A Little Rationalizing.

This page isn't finished yet, but here's a panel from it.





I can't believe how long it's taking to complete this Calamity comic. I can't believe it's been as long as it has.

I think the average is about a page a month.

I can't believe it.

But, here's me trying to believe it, in 3, 2, 1...

Thinking about it though, professionals who do all their own work (drawing, finishing, lettering, soforth...), who've been drawing for years, take about 2 or 3 days per page. And that's pretty much considered a pretty fast pace.

And that's with usually about 12 hour days, everyday.

If only I had 12 hours a day, everyday to work on stuff... I'm only getting a couple hours here and there, between work and house projects. And I'm trying to fit other, non-comic drawing projects in as well.

I can't really say that I'm disappointed it's not finished; if it were finished, it would look like crap all the way through. One of the reasons it's taking so long is because I'm trying not to use shortcuts. If I can't figure out how something looks here, or how a leg looks from this angle or so forth, I'll try to find the best way to draw it- not always successful, but I'll give it a decent attempt. If I don't know how to draw an arm from a certain angle, I'll get out my handy anatomy book (it took me about 3 years to find a decent one) and study and sketch it out on scrap paper a couple times before determining which is best. Well, best for me.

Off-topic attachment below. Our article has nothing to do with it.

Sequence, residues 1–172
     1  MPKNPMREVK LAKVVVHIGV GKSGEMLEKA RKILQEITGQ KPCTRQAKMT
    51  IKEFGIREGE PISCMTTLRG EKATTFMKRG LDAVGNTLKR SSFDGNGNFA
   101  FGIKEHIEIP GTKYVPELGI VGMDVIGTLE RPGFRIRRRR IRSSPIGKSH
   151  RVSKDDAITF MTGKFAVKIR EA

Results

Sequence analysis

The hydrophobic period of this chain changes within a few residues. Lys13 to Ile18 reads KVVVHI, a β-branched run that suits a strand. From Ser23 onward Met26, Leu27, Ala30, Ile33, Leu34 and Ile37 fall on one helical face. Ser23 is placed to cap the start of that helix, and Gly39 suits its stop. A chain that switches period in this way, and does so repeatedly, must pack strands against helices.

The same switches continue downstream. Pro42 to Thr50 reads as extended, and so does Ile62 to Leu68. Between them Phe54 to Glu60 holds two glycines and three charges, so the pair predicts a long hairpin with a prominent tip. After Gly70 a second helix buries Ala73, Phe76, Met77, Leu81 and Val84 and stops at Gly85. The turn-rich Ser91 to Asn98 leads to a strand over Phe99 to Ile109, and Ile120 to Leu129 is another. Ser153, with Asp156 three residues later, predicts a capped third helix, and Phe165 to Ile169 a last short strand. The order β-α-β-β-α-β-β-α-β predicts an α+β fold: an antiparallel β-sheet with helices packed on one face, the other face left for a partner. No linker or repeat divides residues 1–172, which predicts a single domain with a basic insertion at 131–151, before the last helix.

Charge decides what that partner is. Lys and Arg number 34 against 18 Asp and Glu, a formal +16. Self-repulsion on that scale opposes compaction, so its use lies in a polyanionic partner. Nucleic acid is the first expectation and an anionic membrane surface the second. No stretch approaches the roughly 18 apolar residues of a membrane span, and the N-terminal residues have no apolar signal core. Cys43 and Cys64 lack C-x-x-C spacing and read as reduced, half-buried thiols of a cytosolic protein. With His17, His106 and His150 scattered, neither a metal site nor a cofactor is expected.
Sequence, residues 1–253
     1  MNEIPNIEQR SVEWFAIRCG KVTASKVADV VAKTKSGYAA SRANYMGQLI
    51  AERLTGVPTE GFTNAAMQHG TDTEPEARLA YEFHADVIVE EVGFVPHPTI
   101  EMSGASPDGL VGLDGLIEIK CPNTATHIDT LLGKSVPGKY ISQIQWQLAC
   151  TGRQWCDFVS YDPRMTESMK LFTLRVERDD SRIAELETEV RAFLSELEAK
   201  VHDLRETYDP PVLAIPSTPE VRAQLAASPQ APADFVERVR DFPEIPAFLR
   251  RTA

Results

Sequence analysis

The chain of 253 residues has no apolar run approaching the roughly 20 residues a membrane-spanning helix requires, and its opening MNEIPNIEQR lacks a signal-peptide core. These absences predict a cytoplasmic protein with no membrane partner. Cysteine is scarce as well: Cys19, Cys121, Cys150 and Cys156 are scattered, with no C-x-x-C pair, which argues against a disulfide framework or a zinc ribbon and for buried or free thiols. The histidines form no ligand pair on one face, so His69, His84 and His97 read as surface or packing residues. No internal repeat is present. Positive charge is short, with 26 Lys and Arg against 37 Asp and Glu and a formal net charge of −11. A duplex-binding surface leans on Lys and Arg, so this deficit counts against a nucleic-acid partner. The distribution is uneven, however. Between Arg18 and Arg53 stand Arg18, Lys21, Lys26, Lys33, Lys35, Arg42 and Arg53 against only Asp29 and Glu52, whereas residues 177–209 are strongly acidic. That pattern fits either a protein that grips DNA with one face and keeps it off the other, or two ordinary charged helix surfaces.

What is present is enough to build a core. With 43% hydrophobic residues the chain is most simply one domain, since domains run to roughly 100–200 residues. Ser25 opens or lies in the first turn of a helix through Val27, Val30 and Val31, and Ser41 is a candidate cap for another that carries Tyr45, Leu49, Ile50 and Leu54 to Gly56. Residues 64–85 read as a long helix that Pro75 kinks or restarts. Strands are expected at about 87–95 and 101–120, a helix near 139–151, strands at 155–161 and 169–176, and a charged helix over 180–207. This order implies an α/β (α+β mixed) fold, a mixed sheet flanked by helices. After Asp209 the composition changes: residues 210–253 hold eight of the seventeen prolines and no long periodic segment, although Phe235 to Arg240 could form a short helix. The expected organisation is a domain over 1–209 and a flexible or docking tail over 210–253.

Another reason I've taken my time is coupled with the reason above- Style. You have to draw a lot to get a style. The more realistic you get, the harder it is to get a distinctive style of your own. That was almost the single goal of why I wanted to do this comic for practice. If this and nothing else comes from the entirety of the comic, I will be more than satisfied.

I want to nail a specific style of my own. That's not to say that I want to be utterly decided in how I draw; I want to continue to evolve and better myself, even after I've nailed down this elusive style. I guess by style, I mean that you can tell instantly I drew it. If I draw a 20 page story, I don't want every 3 pages to look like someone different drew it.

All of my favorite artists that I follow have their own, very distinct style. One reason I don't read more comics than I do, is a lot of artists look exactly alike. To me, at least. When I buy a book, about 60% of it for me is how it looks. If the art's bad, it better have a f***ing amazing story.

For me, style comes down to how you abstract things. All drawing is, really, is abstracting 3 dimensional objects into 2 dimensional interpretations. But all this style talk isn't to say that you only draw a certain kind of eyes, or you draw all you feet the same or anything like that though.

Eventually I went from "Ok, how do I draw this" to "Ok, how do I draw this."

Overall, the comic so far is almost a flip-book of drawing evolution. The early pages are almost hard to look at, and the later ones are almost decent.

By the end of it, I should be better. It's just practice. I have to remember, it's just practice. I'm not getting paid, so I can go at my own pace- which is better because it was intended as a learning experience, not an attempt to see how fast I could get it finished.

I guess in short, I'm ok with taking my time because I'm pretty much just trying to learn to be better. So far, there have been very few Liefeld moments- where something looks horrible, then just say screw it and leave it the way it is.

To be continued...?

(I got tired of typing)